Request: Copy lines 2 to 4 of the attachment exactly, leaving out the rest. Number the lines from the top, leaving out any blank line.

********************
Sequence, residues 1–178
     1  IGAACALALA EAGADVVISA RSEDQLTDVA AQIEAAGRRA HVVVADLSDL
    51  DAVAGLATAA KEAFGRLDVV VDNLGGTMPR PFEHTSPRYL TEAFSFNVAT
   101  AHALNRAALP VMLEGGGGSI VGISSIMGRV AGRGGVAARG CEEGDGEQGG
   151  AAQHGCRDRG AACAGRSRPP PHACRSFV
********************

     1  IGAACALALA EAGADVVISA RSEDQLTDVA AQIEAAGRRA HVVVADLSDL
    51  DAVAGLATAA KEAFGRLDVV VDNLGGTMPR PFEHTSPRYL TEAFSFNVAT
   101  AHALNRAALP VMLEGGGGSI VGISSIMGRV AGRGGVAARG CEEGDGEQGG